This essay, on the outcome of the Italian elections and the formation of the new government, was the main part of my Observer column this week. (The column included also a short piece on Chris Froome and the thrill of sport.) It was published in the Observer, 27 May 2018, under the headline ‘With no progressive force to give it shape, Italians’ anger has hit a wall’.
‘A political prime minister of a political government.’ So said Luigi Di Maio, leader of Italy’s populist Five Star Movement (M5S), of Giuseppe Conte, the virtually unknown law professor chosen to head the new coalition government between M5S and the rightwing Lega. But chosen by whom? And political in what sense?
In March, the Italian elections swept out of power the parties that had governed Italy, in one form or other, for the past quarter of a century. The Democratic Party (PD), nominally the party of the left, which had been in power since 2013, lost 180 of its 292 seats in the Chamber of Deputies. As in much of Europe, the left has self-destructed by abandoning its traditional working-class constituency. Silvio Berlusconi’s Forza Italia, which had governed from 2001 to 2006 and 2008 to 2011 (in the latter years under the label ‘The People of Freedom’) was reduced to 14 per cent of the vote.
The main beneficiaries were the two ‘anti-establishment’ parties that now form the coalition government. The Five Star Movement became the biggest single party with 32.7 per cent of the vote, while the Lega, a repackaging of the reactionary Northern League, quadrupled its vote to 17.4 per cent.
The election marked a rejection of the austerity policies of the past decade, anger over the migration crisis and hostility towards the EU. It was a rejection, too, of unelected leaders and technocratic governments that have plagued Italy over the past decade and which both the Lega and M5S claimed to oppose. M5S promised to reject coalition governments and to govern only with a full majority.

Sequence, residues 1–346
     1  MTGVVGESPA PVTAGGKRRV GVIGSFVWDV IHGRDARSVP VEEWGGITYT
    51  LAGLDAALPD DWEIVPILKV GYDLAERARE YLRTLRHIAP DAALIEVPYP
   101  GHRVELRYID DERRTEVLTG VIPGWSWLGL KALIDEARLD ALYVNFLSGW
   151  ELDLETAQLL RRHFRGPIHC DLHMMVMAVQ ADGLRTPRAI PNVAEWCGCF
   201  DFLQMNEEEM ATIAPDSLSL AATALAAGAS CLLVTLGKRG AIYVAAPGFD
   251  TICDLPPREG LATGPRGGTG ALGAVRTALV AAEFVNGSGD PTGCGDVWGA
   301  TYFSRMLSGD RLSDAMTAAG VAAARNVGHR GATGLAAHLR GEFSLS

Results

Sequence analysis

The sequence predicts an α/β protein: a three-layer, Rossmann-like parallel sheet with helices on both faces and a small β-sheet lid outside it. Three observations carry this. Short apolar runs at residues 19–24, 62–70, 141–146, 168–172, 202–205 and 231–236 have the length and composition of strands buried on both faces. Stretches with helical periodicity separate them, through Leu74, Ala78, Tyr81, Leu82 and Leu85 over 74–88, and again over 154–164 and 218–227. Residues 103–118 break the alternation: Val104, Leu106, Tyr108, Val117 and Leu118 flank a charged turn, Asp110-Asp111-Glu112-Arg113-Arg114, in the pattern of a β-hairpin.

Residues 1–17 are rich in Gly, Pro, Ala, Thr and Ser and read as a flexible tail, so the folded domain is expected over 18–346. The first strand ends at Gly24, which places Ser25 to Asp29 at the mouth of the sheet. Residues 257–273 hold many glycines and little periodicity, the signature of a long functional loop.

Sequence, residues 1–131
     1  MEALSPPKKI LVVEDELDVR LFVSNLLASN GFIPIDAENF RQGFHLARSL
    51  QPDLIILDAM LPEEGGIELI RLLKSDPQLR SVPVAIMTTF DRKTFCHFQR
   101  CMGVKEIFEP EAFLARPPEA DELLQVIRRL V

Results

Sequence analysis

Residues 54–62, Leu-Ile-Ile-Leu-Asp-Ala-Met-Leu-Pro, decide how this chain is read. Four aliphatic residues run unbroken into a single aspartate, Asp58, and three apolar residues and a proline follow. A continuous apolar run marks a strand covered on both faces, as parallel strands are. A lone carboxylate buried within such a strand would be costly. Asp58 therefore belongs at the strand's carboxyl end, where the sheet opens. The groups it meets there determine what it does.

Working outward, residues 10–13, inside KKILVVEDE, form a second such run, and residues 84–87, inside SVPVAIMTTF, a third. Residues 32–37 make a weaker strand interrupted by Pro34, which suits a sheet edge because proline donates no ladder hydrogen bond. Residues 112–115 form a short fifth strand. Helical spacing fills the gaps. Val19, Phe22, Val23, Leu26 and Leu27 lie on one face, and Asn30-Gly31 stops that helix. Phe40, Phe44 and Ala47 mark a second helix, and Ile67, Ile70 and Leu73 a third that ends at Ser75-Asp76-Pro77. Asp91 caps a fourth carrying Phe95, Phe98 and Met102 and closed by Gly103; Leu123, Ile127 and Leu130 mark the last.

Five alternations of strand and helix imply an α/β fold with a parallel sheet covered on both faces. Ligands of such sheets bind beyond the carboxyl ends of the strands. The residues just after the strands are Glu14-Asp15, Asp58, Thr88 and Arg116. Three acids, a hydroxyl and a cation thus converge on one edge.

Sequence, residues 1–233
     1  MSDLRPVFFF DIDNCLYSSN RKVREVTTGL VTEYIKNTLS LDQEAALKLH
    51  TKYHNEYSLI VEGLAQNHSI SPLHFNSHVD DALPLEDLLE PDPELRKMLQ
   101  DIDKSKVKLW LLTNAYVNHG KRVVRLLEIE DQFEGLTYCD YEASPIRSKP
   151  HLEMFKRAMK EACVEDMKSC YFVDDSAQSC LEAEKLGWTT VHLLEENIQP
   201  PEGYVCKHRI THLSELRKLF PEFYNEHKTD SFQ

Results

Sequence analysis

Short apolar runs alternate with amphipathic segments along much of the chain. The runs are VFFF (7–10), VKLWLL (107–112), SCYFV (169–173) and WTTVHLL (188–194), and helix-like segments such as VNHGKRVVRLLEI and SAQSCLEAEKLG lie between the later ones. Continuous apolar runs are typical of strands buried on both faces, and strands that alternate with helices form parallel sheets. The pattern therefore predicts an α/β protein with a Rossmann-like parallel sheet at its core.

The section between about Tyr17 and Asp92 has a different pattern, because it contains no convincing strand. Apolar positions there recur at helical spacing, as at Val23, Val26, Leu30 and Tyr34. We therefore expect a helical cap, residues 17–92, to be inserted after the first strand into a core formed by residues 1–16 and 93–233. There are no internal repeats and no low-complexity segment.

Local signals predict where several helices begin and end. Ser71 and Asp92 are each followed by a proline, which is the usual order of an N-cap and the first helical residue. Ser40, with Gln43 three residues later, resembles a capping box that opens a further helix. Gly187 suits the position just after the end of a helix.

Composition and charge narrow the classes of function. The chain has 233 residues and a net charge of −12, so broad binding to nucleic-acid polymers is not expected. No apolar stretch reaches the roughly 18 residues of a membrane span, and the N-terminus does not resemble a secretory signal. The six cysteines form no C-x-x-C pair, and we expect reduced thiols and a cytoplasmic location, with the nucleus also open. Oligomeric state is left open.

The new government has yet to be installed, but those promises seem already as well founded as Italy’s faltering economy. Conte now occupies the Palazzo Chigi partly because of major differences between the two coalition partners and partly because of the unease felt by both the Italian political establishment and the EU at the prospect of the new government. Conte, in the grand Italian tradition, is a compromise, a figure that all sides hope to manipulate. That’s the very tradition against which the electorate rebelled in March. To call him a ‘political prime minister’ is to give an unelected technocrat a new name.
There has been compromise, too, over policies. Many of the more regressive policies, especially of the Lega, have survived, while the more radical or destabilising proposals have been marginalised. The ‘government contract’ between the two parties includes the League’s proposal for a flat-rate tax – essentially a tax cut for the rich. Much of the League’s anti-migrant stance has also been retained, though its threat to deport an estimated 400,000 undocumented migrants seems to have been ditched. The M5S’s idea of a ‘universal basic income’, on the other hand, has been reduced to a promise of a handout to poor families and the unemployed, who will be disqualified if they turn down three job offers.
The more Eurosceptic parts of both parties’ manifestos have been pruned. The original draft ‘government contract’ included an opt-out from the eurozone, a promise to break eurozone stability rules, which limit public debt to 60% of GDP, and a demand for the European Central Bank to cancel €250bn of Italian debt. After a severe pushback from both Brussels and the Italian elite, the promise to leave the eurozone has given way to a desire to rework EU treaties, while there is no longer an insistence on the cancellation of Italian debt. An election result that might have been as explosive as the Brexit vote may well have been contained.
For all the talk of an ‘anti-establishment’ coalition, at the heart of the new government squat some of the more unpleasant sections of the establishment. The Lega has long had a close relationship with Berlusconi, had ministers in both Berlusconi governments of a decade ago and, in the election, was part of the coalition of the right, which included Berlusconi’s Forza Italia and the neo-fascist FdI.
After the election, Berlusconi was involved in the early coalition talks and only stepped away after the M5S refused to work with him. That the M5S is unwilling to talk to Berlusconi but willing to form a government with the even less palatable Lega shows that, in the absence of a progressive force to give it shape, mere anger with the mainstream can allow reaction to take centre stage and the establishment to repackage itself.
Popular anger is real and significant and potentially a transformative force. But Italy may end up with much the same as before, only with a far nastier tinge.